If exercising is a struggle, encoding a ritual can remove a lot of the difficulty. Set up a quick ritual for going to exercise right after work or when you wake up.

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7. Exercise

Even within your workouts, you can have rituals. Spacing the time between runs or reps with a certain number of breaths can remove the guesswork. Forming a ritual of doing certain exercises in a particular order can save time.

8. Sleeping

Form a calming ritual in the last 30-60 minutes of your day before you go to bed. This will help slow yourself down and make falling asleep much easier. Especially if you plan to get up full of energy in the morning, it will help if you remove insomnia.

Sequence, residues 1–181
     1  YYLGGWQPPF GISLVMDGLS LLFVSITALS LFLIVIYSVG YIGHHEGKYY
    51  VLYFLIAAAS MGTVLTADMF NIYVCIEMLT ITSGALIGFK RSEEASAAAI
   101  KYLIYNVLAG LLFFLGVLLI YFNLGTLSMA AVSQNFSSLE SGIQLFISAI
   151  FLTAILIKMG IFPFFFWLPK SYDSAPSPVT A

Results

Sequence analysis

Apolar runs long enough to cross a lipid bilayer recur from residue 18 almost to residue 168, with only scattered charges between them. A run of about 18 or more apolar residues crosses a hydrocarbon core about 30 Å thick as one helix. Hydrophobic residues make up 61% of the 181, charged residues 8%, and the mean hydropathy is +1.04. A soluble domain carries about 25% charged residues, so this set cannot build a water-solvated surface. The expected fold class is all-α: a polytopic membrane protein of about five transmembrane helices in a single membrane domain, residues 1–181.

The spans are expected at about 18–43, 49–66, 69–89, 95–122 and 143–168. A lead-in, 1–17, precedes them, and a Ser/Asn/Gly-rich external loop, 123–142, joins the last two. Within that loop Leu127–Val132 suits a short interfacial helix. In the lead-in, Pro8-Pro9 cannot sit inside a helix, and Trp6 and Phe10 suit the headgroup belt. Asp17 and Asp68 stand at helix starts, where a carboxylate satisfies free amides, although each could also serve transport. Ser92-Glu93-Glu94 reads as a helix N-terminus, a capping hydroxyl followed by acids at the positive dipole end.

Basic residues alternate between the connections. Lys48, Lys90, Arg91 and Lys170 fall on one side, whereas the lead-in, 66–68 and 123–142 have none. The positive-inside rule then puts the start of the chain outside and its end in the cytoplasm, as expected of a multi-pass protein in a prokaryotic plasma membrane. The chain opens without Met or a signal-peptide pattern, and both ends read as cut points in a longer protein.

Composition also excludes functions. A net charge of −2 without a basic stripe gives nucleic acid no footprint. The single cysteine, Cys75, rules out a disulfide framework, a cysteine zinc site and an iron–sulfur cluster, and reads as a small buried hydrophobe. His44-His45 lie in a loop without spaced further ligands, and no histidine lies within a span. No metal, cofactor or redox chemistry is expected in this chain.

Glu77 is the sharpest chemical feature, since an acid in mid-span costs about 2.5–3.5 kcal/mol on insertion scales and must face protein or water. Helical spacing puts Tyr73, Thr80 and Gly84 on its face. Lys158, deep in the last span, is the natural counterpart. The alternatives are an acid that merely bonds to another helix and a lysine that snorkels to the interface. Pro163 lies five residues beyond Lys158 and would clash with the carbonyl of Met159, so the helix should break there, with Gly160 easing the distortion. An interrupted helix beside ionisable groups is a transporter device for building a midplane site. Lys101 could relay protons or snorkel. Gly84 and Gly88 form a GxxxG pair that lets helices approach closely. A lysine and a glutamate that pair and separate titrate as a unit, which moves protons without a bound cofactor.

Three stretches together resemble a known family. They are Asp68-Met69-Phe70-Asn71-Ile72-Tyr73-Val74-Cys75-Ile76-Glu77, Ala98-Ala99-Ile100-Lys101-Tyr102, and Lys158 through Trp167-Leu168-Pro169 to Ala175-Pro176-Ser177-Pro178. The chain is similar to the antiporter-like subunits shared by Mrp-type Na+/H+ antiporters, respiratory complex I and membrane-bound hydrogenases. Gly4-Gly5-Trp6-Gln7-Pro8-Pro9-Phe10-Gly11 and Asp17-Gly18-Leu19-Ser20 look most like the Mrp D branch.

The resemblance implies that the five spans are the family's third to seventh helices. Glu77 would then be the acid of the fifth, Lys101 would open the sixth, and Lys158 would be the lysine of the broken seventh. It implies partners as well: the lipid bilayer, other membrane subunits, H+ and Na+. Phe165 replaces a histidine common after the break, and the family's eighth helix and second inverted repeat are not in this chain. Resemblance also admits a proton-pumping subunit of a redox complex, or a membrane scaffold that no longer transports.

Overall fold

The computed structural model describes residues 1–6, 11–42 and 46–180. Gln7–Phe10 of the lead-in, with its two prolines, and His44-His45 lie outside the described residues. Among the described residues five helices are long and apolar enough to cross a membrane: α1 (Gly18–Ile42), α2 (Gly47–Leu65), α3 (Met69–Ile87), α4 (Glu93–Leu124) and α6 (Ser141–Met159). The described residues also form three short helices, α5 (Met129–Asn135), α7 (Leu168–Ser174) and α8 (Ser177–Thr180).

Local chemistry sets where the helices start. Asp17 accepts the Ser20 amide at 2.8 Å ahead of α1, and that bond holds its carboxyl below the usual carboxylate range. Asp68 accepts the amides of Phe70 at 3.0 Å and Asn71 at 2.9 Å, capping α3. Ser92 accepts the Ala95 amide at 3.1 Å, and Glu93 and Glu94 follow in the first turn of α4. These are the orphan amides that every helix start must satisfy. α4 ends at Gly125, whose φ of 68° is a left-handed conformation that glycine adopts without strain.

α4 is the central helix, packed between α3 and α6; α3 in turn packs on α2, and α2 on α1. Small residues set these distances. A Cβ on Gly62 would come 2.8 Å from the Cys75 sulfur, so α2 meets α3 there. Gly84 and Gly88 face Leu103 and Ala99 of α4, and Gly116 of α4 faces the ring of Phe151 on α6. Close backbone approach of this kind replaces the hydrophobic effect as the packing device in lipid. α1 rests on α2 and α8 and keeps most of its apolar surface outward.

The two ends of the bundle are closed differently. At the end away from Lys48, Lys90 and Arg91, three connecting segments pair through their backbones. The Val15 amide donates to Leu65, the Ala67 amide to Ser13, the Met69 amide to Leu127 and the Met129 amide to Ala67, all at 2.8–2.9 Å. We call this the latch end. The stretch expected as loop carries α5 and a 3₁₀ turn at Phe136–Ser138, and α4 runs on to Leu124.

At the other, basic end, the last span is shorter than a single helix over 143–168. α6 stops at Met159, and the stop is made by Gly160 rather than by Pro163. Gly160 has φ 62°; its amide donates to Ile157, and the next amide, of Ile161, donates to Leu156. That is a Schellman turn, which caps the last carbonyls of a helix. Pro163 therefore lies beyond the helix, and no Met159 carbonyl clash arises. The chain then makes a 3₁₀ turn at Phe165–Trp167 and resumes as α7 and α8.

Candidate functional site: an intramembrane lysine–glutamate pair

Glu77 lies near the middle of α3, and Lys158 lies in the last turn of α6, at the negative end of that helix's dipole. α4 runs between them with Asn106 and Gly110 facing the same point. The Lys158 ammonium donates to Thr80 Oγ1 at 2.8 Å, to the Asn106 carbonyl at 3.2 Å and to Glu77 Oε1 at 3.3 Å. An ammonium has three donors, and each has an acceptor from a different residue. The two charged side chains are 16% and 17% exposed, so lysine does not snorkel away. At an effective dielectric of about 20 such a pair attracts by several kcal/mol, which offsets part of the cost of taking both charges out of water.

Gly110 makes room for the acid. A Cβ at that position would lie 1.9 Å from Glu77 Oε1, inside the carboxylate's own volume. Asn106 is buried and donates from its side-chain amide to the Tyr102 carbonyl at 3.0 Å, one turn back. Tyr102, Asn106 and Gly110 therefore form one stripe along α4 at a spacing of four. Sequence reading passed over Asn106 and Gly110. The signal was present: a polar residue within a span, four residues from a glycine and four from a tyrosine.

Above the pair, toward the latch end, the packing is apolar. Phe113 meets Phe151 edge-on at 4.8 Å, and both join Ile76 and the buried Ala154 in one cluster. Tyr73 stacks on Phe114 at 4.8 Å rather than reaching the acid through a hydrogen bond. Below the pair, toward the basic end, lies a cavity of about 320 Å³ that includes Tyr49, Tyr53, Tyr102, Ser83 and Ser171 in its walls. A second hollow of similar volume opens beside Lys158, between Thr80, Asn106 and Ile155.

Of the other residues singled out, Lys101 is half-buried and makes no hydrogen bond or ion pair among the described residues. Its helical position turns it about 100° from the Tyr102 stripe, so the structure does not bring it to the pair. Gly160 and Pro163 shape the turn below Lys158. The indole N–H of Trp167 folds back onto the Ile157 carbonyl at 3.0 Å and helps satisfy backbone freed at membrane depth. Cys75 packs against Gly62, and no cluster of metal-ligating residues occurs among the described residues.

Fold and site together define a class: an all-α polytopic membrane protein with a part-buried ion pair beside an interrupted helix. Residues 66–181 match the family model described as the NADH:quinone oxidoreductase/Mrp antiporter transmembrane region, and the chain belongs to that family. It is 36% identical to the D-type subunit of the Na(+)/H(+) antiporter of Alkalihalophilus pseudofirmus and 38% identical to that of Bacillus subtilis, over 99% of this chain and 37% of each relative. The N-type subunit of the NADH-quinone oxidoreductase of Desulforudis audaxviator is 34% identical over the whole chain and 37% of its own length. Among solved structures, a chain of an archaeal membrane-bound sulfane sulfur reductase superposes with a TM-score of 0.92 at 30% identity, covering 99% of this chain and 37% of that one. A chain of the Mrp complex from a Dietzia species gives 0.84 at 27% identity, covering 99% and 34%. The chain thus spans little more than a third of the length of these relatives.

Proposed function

8. Weekly Reviews

The weekly review is a big part of the GTD system. By making a simple ritual checklist for my weekly review, I can get the most out of this exercise in less time. Originally, I did holistic reviews where I wrote my thoughts on the week and progress as a whole. Now, I narrow my focus toward specific plans, ideas, and measurements.

Final Thoughts

We all want to be productive. But time wasters, procrastination, and laziness sometimes get the better of us. If you’re facing such difficulties, don’t be afraid to make use of these rituals to help you conquer them.

More Tips to Conquer Time Wasters and Procrastination

 

Featured photo credit: RODOLFO BARRETO via unsplash.com